San Diego Business Journal

When the Department of Defense has an engineering problem, it will occasionally solve it in a very public way — by organizing a contest.

A team led by Dan Hendricks, a retired U.S. Navy captain who now runs a research and development workshop in Vista, recently won $15,000 for solving a cybersecurity challenge for vehicles.

It is the second time that Hendricks, president of Open Source Maker Labs, has led a team to win such a hackathon organized by the National Security Innovation Network, or NSIN.

The latest hackathon, dubbed “Mad Hacks: Fury Code” ran Feb. 5-26. More than 500 people representing 21 teams participated in the virtual event. The point was to solve a real-world problem for the military: develop technologies or systems to help human-controlled or autonomous vehicles operate through cyberattacks and forms of electronic warfare.

In a 2020 study, Grand View Research estimated that the North American market for autonomous vehicles, both military and nonmilitary, will experience a 63.1% compound annual growth rate from 6,700 units in 2020 to 4.2 million units in 2030. Though the report has not been adjusted for the effects of COVID-19 on the economy and markets, growth is expected to be sizable.

The North County team came up with Syn6. It describes its solution as an encrypted, compartmentalized and intelligent three-tier cybersecurity architecture that maintains operational resilience for human-controlled and autonomous vehicles.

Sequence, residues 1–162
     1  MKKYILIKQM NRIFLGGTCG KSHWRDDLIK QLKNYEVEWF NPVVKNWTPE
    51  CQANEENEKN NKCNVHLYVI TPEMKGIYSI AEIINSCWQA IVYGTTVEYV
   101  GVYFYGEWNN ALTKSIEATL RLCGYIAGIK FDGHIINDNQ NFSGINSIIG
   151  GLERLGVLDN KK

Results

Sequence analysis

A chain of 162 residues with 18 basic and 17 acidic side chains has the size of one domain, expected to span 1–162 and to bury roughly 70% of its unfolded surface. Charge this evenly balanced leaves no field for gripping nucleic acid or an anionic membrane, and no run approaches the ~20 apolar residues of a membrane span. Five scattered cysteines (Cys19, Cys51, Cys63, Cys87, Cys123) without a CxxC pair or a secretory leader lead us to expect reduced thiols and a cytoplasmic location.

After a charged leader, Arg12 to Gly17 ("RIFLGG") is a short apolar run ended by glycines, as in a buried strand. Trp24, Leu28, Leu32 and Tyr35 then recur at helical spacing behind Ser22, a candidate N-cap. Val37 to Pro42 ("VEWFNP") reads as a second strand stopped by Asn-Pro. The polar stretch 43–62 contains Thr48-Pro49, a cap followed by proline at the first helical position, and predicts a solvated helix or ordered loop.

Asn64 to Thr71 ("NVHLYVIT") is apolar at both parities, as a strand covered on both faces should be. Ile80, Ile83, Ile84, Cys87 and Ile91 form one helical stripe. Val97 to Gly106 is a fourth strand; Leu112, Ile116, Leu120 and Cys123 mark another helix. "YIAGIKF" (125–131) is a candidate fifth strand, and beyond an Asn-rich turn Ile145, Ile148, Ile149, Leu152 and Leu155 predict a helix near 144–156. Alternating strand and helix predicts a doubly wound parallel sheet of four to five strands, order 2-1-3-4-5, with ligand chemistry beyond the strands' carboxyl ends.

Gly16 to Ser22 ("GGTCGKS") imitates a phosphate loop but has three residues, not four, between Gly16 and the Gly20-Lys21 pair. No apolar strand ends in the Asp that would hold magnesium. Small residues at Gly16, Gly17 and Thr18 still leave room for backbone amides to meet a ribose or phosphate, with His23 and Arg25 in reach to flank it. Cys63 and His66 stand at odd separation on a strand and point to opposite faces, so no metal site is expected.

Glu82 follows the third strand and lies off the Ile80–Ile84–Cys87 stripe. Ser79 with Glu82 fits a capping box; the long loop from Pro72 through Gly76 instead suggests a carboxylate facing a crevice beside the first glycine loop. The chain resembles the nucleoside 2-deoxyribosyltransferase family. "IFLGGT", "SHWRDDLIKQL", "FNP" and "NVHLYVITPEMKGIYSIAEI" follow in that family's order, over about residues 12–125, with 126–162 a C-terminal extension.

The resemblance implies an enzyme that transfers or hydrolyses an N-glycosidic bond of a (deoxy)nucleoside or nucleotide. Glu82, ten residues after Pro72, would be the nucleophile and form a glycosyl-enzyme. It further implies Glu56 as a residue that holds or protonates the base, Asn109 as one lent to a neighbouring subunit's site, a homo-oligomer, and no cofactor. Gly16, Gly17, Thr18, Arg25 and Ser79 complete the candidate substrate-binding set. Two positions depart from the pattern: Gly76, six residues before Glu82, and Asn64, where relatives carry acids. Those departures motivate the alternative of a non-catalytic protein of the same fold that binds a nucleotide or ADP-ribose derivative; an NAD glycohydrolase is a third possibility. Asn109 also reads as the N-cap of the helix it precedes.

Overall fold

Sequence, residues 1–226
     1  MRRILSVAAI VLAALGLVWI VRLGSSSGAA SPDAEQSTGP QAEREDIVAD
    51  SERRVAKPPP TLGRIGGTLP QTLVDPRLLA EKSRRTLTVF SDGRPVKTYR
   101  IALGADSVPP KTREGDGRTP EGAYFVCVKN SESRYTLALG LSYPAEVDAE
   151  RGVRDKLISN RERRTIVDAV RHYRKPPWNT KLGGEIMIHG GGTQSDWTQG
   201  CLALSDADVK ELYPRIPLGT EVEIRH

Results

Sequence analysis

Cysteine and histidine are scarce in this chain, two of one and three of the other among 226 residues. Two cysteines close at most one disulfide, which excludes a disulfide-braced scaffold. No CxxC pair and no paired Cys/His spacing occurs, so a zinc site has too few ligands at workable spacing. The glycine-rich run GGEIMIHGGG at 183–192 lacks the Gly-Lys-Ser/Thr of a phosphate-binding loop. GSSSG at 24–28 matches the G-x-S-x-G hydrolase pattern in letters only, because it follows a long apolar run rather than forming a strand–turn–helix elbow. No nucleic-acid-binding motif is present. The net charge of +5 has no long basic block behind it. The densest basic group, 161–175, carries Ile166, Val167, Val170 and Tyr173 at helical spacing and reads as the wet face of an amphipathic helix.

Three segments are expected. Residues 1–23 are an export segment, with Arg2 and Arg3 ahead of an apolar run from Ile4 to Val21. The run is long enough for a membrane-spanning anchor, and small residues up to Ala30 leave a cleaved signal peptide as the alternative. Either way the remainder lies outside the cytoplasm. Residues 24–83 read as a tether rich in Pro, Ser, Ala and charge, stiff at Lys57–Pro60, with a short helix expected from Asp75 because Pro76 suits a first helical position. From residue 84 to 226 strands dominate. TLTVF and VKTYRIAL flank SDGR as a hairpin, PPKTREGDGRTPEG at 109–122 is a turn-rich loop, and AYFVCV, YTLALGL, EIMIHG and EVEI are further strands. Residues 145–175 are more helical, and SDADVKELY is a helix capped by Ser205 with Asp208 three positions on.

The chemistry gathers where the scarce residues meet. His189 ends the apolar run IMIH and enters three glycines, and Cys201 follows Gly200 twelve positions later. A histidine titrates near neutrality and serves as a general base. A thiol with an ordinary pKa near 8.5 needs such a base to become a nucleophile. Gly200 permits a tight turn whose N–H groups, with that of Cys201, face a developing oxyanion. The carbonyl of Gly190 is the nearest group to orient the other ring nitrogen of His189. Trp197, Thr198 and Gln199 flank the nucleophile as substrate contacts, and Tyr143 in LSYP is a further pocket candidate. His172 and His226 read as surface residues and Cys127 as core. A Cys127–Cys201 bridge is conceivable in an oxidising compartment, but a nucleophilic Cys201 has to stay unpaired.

In short, Hendricks said, the software lets the system “fail gracefully” and lets the operator maintain control of the vehicle. It has applications in the military, commercial and industrial worlds, he added.

The team will continue with their work and hopefully form a startup, Hendricks said.

In addition to Hendricks, the team consists of current and former students from California State University San Marcos as well as an assistant professor of management, Samuel Clarke. The students involved in the project are Jael Acuna, an electrical engineering major; Briana Cordova, who is studying business management; and Lemuel Johnson, a student of applied physics. Rounding out the team is Chris Morales, a 2020 graduate in entrepreneurial management who founded an online menswear retailer.

In 2019, a team led by Hendricks took home prize money in a contest called “Off the Grid.” The NSIN hackathon helped U.S. Army Special Forces develop new capabilities for edge computing. The development process included meetings with Navy SEALs and Green Berets (who were introduced by their first names only) to better learn about real world challenges.